la position de l’adverbe peut changer le sens.

  • The question forms were useful. I have taught French for many years and I consciously try to keep it up to date as it was a long time ago that I lived in France. All the videos are useful, the everyday expressions, the cultural bit etc. It gives me the confidence that I’m telling my students the right things and it enables them to do some self-learning with Commeunefrançaise. Merci.

  • J’ai trouve cette video tres utile et c’etais le premier fois que j’ai compris quand on doit utilise voudriez . Merci. En general j’aime le francais parle

  • Merci beaucoup Geraldine, j’aime tous les videos, surtout le language familier et I’argot. C’est tres serviable et amusant. Je trouve le grammaire un peu difficile.

  • Bonjour, Geraldine, I throughly enjoy all your videos. They are imensely helpful in tuning my ear to the sounds of spoken French as well as for the practical information you share. Thank you very much.

  • Merci, Geraldine. Tout d’abord, en anglais nous disons HOW TO ASK A QUESTION PROPERLY. It is incorrect to ‘split an infinitive’, we never put an adverb between the ‘to’ and the verb. Mais, les leçons en grammaire sont très utiles, en particulier à propos de français familier.

  • Je ne trouve pas du tout que cette video est sur le sujet de grammaire. C’est plutôt que quand les bases de grammaire sont compris, il y a des choix entre le simple ou quelque chose un peu plus compliqué. C’est bon à savoir que je ne parle pas comme un bébé quand j’utilise les phrases les plus simples. Et de plus importance, c’est aussi moins fatigant à mon pauvre cerveaux 🙂 Je te donne une petite « bravo » pendant que je m’enfiler les rues de Paris avec un peu plus de confidence.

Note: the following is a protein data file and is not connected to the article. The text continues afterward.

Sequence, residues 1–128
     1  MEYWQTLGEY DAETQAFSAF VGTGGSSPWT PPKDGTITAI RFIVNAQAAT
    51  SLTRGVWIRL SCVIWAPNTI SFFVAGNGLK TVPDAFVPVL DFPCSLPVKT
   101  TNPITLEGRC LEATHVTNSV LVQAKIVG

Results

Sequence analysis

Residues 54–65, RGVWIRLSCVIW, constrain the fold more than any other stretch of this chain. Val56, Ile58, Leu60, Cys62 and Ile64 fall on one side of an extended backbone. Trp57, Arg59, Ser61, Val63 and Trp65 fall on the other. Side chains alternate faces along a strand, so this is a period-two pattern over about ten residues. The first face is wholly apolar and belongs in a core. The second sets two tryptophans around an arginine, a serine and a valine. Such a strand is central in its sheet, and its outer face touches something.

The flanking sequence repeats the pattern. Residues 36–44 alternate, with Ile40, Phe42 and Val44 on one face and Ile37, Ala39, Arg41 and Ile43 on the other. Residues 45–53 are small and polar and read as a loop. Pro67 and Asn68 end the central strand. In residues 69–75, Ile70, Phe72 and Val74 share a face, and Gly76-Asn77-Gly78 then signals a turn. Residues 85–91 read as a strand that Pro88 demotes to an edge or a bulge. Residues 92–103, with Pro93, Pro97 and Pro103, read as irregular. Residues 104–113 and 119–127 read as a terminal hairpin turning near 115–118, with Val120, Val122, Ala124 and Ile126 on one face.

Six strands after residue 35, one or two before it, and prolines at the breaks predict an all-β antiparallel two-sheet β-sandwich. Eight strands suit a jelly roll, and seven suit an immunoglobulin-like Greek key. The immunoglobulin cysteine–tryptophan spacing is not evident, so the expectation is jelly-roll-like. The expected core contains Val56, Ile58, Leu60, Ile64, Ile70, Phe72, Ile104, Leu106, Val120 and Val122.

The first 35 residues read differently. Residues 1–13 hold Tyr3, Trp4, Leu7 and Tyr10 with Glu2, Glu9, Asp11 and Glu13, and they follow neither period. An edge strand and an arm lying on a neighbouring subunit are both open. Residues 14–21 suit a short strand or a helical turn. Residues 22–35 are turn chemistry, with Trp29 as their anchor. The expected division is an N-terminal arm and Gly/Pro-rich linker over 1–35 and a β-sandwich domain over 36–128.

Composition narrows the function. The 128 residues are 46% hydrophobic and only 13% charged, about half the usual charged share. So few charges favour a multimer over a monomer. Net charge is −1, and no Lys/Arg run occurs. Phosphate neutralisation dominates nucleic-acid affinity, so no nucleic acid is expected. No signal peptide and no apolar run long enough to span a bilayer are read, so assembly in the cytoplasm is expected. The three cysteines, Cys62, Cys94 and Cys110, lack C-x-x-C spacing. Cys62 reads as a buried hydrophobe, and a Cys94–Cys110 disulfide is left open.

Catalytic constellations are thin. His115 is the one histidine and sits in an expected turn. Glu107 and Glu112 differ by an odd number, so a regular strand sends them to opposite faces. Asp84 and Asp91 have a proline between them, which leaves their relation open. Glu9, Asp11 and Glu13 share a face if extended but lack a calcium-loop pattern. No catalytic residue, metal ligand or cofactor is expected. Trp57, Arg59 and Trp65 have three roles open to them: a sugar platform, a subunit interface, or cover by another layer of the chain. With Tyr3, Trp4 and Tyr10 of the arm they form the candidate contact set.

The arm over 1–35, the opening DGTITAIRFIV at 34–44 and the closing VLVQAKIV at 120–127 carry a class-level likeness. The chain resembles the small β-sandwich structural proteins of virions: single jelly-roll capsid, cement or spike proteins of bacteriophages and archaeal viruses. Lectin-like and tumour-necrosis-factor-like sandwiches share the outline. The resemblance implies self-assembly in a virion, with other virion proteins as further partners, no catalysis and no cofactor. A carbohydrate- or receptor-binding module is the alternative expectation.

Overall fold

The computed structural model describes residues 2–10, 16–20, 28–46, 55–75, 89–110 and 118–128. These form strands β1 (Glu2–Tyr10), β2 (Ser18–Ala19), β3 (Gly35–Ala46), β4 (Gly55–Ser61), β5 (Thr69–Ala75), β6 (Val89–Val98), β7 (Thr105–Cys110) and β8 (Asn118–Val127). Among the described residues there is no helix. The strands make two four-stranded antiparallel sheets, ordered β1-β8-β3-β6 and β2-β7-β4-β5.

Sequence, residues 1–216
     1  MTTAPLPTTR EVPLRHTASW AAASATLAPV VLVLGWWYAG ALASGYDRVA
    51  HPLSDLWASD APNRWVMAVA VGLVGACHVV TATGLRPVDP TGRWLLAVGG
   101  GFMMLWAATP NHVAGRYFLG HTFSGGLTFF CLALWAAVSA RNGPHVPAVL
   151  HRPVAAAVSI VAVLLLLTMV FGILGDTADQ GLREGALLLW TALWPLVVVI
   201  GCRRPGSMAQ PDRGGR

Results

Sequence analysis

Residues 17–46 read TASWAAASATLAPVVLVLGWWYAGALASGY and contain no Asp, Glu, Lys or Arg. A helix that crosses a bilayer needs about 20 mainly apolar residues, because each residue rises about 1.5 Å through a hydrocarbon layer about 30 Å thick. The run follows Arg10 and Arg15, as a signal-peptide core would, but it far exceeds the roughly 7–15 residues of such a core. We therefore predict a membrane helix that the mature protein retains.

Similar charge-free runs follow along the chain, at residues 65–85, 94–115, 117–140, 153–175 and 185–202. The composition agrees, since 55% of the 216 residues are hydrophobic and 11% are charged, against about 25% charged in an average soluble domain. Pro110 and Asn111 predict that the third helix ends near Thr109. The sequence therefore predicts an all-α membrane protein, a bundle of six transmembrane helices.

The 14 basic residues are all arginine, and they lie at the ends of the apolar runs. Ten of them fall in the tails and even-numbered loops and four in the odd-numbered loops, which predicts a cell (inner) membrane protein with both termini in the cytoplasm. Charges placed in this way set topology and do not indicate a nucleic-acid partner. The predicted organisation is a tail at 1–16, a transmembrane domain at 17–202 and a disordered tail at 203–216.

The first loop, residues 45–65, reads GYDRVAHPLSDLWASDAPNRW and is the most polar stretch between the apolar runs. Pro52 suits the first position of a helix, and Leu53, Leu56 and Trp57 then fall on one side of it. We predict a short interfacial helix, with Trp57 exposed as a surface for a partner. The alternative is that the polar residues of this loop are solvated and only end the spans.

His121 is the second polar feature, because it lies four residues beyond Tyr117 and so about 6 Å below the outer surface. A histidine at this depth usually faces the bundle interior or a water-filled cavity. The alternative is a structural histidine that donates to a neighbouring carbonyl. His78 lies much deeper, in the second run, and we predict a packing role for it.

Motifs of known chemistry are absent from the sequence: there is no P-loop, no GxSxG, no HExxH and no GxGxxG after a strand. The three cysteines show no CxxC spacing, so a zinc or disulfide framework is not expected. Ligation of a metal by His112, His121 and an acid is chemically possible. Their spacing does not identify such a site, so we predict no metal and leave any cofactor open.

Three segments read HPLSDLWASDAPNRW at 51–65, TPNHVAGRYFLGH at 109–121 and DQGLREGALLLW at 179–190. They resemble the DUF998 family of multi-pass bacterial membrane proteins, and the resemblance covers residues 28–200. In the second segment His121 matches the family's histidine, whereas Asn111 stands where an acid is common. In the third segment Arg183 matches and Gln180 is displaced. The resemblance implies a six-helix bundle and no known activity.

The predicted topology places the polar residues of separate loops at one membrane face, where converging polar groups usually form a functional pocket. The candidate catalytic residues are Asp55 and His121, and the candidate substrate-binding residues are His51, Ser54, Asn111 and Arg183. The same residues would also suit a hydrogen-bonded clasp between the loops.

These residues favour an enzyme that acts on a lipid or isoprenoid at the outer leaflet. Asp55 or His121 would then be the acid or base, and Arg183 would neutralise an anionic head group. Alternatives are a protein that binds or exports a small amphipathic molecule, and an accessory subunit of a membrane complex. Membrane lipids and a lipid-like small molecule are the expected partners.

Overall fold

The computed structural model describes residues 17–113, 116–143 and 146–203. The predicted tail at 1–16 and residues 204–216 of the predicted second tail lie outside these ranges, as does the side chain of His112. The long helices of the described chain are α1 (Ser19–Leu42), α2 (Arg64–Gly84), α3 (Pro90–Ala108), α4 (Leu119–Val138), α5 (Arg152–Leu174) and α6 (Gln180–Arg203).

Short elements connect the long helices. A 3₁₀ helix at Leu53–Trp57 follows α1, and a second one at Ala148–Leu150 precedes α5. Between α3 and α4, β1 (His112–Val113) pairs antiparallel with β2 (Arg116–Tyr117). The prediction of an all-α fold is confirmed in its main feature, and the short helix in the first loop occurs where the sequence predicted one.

• Bonjour! Je toujours fais l’erreur d’inversion et le super formale. Merci pour le vidéo. Je n’ai eu aucune idée sur les formalitiés.

  • Bonjour Geraldine
    Merci encore pour un excellent video.Oui je savais cela mais c’est bien de me rappeler encore!Moi j’aime la grammaire et aussi les expressions idiomatiques .

  • Chére Geraldine
    Merci beaucoup pour votre aide et le video “Ask a Question” c’est gentil de votre part! Chrissie

  • salut, chéraldine
    i like them all – the cultural, the colloquial and now the grammatical – this latter because you took it to a depth not usually provided in textbooks or in classrooms. merci pour tous!

  • Merci Geraldine – sorry I have a qwerty keyboard so I can’t add accents to my French words here…La video etait tres interessante, comme d’hab, et je me rends compte que je n’utilise jamais l’inversion pour poser une question.